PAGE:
AComponents For Final Research Paper

AComponents For Final Research Paper

Guidelines: In this section of your business report, your goal is to explain the nature of your project and explain the problem you are hoping to solve. This introduction differs from the Executive Summary which summarizes the entire report into a few paragraphs. In the introduction,you need to explain why you chose option A, B, or C, give background information (company info, product/service idea, or your personal financial situation), explain what the possible causes of the problem are, and then explain how your group plans to arrive at a soultion or alternative. Ideally, your introduction should be between 1/2-2 pages. You don’t need to go much further into depth, because you will be covering the process of your research and your findings in the body portions of the paper. More simply put, the introduction is the section which you explain why you are interested in a certain business problem, why you think the problem exists, and what you hope to learn about it.

Guidelines: In this section of your business report, your goal is to explain and discuss how you will go about gathering additional and necessary information relating to your “problem” and offer a more detailed explanation of how to address/resolve your business “problem”. In other words: now that you’ve identified what’s wrong, how can you go about fixing it? Obviously you don’t have all the answers yet, but where do you THINK you should be looking for information and what do you THINK will help fix the business problem?  Since you’ve already introduced background information, this section should provide DEPTH of your issue as opposed to breadth (a broad overview)- no need to summarize what you’ve already covered: this section is about APPROACHES/METHODS/STRATEGIES for PROBLEM SOLVING! This section will take AT LEAST 2-3 pages, but you may find yourself writing a bit more.

Guidelines: In this section of your business report, your goal is to explain, discuss, and evaluate the sources, facts, figures, and information you have gathered through your research and investigation of your business “problem” and determine if your initial approaches/methods were an appropriate way to address/resolve your business “problem”. If your approaches/methods were correct, or at the very least heading in the right direction, explain why! If they weren’t correct, or they seem inconclusive, EXPLAIN WHY! In order to complete this section effectively, you will need to provide numerical figures, statistics, and other pertinent data and include AT LEAST THREE charts, graphs, figures/images that show you’ve analyzed the information you’ve found. Although you still may not have have all the answers to your business problem yet, you must analyze what answers you DO have so far in your ivestigation. This section will take AT LEAST 4-5 pages, but you may find yourself writing more. Remember: this section is NOT a conclusion (you’ll be writing that later), it is a discussion of the data/information. The conclusion is what needs to be done next to tackle the business “problem” and your overall thoughts/analysis of the entire investigation.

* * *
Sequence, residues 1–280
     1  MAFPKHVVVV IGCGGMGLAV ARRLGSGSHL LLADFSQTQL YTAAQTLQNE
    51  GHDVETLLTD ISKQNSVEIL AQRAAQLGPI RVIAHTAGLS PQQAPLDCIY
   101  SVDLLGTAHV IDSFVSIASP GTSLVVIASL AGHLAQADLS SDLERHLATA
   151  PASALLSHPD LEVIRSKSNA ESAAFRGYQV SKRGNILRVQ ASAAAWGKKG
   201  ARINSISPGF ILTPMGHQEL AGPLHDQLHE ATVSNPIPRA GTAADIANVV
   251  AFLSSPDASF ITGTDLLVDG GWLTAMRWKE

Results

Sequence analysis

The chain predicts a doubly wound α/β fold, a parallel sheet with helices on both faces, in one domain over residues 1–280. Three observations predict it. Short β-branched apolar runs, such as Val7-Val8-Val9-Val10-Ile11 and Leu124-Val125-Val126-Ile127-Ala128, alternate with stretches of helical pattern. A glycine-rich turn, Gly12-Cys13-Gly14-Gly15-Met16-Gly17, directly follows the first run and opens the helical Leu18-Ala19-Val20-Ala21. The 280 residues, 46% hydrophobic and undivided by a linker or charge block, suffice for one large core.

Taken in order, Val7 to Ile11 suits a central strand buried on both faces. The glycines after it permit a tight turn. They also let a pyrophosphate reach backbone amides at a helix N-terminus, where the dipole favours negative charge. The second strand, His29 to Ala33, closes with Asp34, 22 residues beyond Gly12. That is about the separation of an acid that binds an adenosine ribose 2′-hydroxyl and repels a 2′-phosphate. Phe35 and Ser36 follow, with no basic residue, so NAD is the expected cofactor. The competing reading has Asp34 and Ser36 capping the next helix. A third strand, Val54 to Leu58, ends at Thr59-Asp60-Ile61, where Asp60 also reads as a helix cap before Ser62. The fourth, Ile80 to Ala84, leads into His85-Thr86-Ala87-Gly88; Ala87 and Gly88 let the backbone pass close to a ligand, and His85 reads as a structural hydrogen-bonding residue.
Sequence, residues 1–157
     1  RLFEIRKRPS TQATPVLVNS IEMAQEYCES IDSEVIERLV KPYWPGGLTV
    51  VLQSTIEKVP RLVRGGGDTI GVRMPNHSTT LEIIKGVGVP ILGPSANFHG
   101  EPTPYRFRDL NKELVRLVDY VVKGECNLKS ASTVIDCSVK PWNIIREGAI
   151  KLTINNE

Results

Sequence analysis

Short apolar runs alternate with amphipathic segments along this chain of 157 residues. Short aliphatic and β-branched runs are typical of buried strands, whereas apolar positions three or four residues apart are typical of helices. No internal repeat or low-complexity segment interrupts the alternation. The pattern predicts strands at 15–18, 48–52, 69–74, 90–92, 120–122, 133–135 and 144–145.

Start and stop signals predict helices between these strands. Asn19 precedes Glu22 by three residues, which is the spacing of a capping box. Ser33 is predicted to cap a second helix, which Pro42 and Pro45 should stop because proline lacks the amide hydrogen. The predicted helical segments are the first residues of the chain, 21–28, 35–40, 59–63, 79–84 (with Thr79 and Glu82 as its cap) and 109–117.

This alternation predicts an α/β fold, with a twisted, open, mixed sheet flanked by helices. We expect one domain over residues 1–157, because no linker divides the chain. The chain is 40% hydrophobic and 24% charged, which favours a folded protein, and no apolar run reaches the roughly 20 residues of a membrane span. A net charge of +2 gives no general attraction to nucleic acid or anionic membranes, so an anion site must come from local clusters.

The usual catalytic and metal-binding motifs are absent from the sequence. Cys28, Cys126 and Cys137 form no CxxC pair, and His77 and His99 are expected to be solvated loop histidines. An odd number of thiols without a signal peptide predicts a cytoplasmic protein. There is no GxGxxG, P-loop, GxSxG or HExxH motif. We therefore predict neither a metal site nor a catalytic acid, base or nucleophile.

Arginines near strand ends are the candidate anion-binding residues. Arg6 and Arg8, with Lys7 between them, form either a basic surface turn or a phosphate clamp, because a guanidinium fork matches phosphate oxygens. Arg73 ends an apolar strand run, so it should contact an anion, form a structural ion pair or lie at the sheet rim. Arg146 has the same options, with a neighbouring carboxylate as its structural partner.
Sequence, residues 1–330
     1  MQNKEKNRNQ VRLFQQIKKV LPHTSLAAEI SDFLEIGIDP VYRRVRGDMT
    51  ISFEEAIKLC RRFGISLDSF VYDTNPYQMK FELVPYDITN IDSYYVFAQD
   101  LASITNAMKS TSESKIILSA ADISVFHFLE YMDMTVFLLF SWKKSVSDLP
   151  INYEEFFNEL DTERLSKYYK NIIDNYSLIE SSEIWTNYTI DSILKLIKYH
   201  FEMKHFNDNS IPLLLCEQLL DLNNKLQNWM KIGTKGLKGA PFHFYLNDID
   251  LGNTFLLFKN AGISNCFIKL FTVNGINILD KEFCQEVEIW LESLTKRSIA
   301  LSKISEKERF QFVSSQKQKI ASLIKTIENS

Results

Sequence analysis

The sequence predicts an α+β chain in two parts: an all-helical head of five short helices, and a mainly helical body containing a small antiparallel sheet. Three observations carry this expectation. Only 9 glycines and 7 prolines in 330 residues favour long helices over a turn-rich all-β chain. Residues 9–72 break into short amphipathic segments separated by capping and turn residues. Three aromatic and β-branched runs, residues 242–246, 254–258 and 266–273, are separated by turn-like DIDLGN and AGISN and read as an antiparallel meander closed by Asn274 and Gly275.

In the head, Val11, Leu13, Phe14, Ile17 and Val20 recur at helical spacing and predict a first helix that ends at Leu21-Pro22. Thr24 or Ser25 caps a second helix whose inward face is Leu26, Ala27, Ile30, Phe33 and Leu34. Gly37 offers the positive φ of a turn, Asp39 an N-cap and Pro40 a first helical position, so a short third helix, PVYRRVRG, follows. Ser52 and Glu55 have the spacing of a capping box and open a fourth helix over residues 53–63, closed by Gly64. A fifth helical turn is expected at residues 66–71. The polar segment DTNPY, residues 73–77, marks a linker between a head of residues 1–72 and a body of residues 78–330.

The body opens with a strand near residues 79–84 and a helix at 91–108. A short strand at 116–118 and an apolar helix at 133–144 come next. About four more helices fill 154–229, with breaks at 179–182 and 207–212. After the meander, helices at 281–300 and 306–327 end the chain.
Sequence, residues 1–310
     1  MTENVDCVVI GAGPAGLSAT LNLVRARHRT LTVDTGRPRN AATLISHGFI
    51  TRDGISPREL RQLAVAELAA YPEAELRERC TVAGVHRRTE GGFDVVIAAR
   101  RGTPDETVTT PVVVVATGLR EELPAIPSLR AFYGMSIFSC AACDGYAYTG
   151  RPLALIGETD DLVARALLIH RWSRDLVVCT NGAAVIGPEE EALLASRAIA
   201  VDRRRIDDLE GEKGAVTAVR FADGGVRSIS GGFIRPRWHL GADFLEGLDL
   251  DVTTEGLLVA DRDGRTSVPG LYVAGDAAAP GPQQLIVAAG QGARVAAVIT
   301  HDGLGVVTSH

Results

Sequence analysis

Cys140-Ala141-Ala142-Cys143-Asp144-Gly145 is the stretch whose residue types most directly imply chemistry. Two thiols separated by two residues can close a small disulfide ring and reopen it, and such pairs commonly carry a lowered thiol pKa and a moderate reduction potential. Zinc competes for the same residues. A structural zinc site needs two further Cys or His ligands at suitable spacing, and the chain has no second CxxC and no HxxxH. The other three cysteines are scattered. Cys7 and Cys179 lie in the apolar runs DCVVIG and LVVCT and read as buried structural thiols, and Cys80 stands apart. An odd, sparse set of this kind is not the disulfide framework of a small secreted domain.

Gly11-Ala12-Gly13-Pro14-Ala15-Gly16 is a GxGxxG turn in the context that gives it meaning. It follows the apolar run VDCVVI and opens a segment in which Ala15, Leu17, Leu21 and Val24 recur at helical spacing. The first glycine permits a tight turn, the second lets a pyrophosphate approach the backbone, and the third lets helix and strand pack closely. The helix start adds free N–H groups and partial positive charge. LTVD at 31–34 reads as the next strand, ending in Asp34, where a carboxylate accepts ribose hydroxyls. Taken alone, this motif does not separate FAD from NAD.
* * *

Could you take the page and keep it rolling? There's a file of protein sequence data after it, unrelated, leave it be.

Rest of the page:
Using the instructions on iLearn and the example, write annotations for AT LEAST SIX sources you consulted (but not necessarily used) for your report, and have AT LEAST TEN SOURCES YOU HAVE CONSULTED (read or cited). Annotations must be between 100-150 words (NO MORE, NO LESS!). Be sure to write in complete sentences and proofread your work! Be sure to list all of your sources alphabetically.

In this section of your business report, your goal is to wrap up your overall discussion of your business “problem” and offer some insightful concluding remarks about what you’ve learned from your investigation, from beginning to end. Think of this section as your lingering thoughts/analysis of the entire investigation- what went well, what didn’t, what you’ve learned about your business “problem” and how you’ll continue to work towards solving it in the future. Odds are you haven’t completely solved your business “problem”, and perhaps you never will, but your goal is to offer your reader what you think should happen next. Maybe it’s more research; maybe it’s simply carrying through with your initial approaches/methods; maybe it’s taking a completely different approach. The answer will greatly depend on what you’ve learned from the entire experience.
REMEMBER: this is NOT the Executive Summary! You will write it LAST!

In this section of your business report, you goal is to provide a conscise, broad overview of your entire investigation by condensing and distilling the content into a 1/2-1 page summary. Much like an abstract for an academic paper, your goals are to: state the topic/subject of the report, state your business ‘problem’ and your purpose for pursuing a possible solution, discuss the methods/approaches you used to gather information, decribe/evaluate the data you encountered, and offer a concluding statement that wraps up your entire report. Unlike your introduction, you aren’t telling the reader a lot of background information- you’re simply stating the ‘problem’ and ‘purpose’ as briefly as possible. Unlike the findings section, you aren’t going into depth by analyzing and making sense of the data- you’re merely stating what you found. And unlike your conclusion, the executive summary isn’t a discussion about what you’ve learned- it just states what the outcome was and what needs to be done in the future.